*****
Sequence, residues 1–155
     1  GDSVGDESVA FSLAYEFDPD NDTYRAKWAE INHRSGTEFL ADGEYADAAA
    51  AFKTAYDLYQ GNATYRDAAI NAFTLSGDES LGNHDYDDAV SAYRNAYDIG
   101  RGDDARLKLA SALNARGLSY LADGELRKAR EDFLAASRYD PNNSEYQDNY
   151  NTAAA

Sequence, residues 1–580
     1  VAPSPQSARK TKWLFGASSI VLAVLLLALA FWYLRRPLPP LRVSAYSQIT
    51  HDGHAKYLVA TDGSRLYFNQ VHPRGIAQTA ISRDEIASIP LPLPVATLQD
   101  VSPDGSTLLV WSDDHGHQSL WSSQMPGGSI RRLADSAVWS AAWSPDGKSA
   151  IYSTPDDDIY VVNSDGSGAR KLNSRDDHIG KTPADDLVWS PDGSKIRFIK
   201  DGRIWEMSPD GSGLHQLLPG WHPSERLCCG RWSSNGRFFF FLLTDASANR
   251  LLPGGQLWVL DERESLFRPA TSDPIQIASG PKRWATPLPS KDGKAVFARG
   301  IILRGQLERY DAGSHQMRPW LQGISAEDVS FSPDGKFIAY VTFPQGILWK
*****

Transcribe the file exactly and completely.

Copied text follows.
Sequence, residues 1–155
     1  GDSVGDESVA FSLAYEFDPD NDTYRAKWAE INHRSGTEFL ADGEYADAAA
    51  AFKTAYDLYQ GNATYRDAAI NAFTLSGDES LGNHDYDDAV SAYRNAYDIG
   101  RGDDARLKLA SALNARGLSY LADGELRKAR EDFLAASRYD PNNSEYQDNY
   151  NTAAA

Sequence, residues 1–580
     1  VAPSPQSARK TKWLFGASSI VLAVLLLALA FWYLRRPLPP LRVSAYSQIT
    51  HDGHAKYLVA TDGSRLYFNQ VHPRGIAQTA ISRDEIASIP LPLPVATLQD
   101  VSPDGSTLLV WSDDHGHQSL WSSQMPGGSI RRLADSAVWS AAWSPDGKSA
   151  IYSTPDDDIY VVNSDGSGAR KLNSRDDHIG KTPADDLVWS PDGSKIRFIK
   201  DGRIWEMSPD GSGLHQLLPG WHPSERLCCG RWSSNGRFFF FLLTDASANR
   251  LLPGGQLWVL DERESLFRPA TSDPIQIASG PKRWATPLPS KDGKAVFARG
   301  IILRGQLERY DAGSHQMRPW LQGISAEDVS FSPDGKFIAY VTFPQGILWK